Washington: US president Trumps wants to modify the existing H1B immigration provisions to attract highly skilled foreign workers to the US.
These intended changes will attract highly skilled foreign workers as opposed to what H1B immigration visa has evolved into, like more of an “outsourcing” role until now, the White House official said on Thursday.
“The president’s overall instinct — and he said this publicly a number of times — he wants to find ways to make sure that people who graduate in a highly skilled area like technology stay in the country. He finds that a very positive part of the overall immigration,” said White House Deputy Chief of Staff for Policy Coordination Chris Liddell on Thursday.
When questioned about president’s plans on H1B immigration during Washington Post’s live discussion on new technology, Liddell said: “He (Trump) has talked about merit immigration, clearly that (H-1B) fits in merit immigration.”
He also noted that this change could also get caught up in a border discussion.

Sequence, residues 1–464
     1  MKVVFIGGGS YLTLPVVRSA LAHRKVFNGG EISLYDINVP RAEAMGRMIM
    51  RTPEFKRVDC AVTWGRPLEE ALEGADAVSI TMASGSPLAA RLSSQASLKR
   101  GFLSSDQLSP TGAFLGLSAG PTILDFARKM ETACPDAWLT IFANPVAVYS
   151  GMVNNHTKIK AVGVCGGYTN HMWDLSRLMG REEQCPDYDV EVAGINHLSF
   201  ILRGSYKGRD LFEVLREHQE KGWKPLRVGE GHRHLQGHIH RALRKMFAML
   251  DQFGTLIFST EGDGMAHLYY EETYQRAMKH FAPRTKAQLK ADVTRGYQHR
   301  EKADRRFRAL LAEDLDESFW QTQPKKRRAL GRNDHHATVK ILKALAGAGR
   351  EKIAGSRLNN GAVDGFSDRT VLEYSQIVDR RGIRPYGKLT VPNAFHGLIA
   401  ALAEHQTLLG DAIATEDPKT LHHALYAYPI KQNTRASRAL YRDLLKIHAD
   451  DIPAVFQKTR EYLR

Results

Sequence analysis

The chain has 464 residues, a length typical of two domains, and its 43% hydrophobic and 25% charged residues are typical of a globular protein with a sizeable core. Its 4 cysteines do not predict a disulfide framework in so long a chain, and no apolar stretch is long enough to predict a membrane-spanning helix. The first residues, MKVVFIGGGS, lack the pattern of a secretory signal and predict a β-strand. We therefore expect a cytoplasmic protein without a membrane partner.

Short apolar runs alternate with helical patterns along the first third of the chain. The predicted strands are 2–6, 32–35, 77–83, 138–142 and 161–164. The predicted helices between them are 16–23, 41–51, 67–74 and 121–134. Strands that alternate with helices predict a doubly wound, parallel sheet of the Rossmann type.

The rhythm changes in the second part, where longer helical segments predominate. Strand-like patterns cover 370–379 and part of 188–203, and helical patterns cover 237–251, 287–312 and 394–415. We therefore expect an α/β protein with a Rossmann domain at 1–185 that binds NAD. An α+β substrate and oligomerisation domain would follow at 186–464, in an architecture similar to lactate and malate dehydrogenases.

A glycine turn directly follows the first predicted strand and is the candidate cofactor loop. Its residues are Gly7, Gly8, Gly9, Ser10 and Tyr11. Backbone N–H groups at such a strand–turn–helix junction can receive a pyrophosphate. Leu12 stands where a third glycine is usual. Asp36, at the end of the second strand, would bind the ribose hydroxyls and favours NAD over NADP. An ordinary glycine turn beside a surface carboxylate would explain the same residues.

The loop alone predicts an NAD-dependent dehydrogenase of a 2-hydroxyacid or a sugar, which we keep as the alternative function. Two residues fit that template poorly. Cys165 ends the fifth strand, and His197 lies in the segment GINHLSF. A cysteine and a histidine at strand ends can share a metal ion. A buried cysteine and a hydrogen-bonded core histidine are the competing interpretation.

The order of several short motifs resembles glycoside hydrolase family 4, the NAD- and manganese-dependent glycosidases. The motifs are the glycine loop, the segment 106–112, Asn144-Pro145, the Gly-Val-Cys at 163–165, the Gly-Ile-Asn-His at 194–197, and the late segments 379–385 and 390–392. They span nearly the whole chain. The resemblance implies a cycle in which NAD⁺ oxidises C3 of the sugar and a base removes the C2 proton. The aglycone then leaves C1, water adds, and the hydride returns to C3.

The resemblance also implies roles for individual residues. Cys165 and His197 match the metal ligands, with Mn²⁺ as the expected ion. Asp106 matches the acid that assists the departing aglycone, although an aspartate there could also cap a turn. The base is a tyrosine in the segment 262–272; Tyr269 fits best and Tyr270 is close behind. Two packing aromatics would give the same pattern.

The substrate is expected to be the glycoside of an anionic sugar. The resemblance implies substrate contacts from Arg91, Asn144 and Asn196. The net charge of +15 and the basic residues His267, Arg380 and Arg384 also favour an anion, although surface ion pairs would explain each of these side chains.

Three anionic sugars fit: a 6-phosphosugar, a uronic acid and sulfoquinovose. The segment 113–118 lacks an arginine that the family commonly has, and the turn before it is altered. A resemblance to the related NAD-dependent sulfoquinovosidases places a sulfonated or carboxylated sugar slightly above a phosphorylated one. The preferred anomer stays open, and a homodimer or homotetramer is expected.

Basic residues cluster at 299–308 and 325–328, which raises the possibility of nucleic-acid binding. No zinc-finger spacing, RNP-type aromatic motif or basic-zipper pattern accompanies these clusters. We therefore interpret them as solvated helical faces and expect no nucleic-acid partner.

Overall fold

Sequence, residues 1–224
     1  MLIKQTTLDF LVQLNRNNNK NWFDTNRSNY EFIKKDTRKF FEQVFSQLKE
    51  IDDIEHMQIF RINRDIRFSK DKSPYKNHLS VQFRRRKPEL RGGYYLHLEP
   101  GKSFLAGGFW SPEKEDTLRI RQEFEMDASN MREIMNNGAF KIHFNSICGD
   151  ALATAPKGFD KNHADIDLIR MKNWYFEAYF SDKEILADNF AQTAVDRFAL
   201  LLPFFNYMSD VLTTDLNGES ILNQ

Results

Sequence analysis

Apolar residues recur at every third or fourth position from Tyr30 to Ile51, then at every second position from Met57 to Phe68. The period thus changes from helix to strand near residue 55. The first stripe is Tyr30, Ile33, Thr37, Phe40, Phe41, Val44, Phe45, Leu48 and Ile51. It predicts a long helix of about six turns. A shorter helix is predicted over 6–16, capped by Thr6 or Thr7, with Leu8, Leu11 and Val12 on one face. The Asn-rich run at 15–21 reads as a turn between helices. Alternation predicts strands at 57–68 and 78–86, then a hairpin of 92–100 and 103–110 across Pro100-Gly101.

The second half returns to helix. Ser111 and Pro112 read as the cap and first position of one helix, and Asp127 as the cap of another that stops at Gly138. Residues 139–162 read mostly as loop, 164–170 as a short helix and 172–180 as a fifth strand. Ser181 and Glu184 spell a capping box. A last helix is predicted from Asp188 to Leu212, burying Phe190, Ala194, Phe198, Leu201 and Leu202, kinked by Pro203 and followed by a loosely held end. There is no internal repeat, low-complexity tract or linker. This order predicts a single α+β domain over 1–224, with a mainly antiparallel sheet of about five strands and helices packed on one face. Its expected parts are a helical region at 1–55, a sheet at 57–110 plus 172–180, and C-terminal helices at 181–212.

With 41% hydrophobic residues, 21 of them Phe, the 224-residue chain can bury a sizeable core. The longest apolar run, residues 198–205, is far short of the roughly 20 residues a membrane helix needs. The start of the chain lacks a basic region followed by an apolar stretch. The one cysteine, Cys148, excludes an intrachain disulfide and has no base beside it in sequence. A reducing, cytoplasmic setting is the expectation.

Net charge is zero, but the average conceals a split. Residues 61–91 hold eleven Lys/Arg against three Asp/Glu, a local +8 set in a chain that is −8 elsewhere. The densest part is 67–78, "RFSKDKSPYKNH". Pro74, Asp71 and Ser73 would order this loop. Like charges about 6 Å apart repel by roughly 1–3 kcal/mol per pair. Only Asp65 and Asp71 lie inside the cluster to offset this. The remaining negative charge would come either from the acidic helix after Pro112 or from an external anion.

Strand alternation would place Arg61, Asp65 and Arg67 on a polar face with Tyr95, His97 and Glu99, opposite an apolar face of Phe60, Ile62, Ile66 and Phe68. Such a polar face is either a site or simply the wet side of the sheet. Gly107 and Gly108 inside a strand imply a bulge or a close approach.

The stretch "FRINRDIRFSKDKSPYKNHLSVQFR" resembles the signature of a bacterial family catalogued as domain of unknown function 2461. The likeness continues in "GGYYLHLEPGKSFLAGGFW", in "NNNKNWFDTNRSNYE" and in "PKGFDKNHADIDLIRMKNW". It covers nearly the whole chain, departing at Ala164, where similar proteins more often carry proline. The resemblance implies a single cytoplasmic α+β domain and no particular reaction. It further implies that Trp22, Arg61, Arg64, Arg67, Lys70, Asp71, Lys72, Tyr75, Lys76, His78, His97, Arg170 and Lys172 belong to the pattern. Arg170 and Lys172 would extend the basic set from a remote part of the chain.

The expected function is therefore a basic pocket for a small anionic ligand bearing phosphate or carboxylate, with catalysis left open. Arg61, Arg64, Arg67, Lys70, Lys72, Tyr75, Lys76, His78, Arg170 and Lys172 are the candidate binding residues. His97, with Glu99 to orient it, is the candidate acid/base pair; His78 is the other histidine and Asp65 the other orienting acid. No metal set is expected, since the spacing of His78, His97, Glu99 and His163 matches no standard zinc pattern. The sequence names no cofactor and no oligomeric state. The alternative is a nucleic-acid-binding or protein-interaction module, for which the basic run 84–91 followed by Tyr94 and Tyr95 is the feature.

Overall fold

“To the extent that we can from a regulatory point of view rather than a legislative point of view, because the H-1B system to a large extent is governed by legislation — but to the extent that we can modify the regulatory point of view to promote it to be more highly skilled as opposed to outsourcing roles, there’s 1,20,000 H-1Bs. So it’s quite a big pool,” the official said.
Referring to what H1B immigration has turned into over the past years, Lindell said: “Traditionally, unfortunately, they have gone to lower-skilled outsourcing types of jobs,” and the president now intends to change that since more and more people are coming qualifying PhDs in the tech sector.
“So the president is 100 percent aligned with that. We’ll try and do it as much as we can by regulatory; if it can be done legislatively as well in some way that would as part of a merit-based system, that would be fantastic,” Liddell said.
H1B immigration needs reforms to employ the most talented graduates in this country and with President’s decision to make it merit-based reform as part of the immigration platform it will prove to big move in that direction he said.
The Silicon Valley and the tech industry should welcome that as a concept, he said.
“Relatively, as a country, a very small proportion of the people who come in as legal immigrants do it on a merit-based system relative to any other country I know,” he said.
“So promoting the concept of merit-based immigration, which clearly would be at least partially orientated towards the tech sector, I would think that there should be a high degree of alignment on,” Liddell said.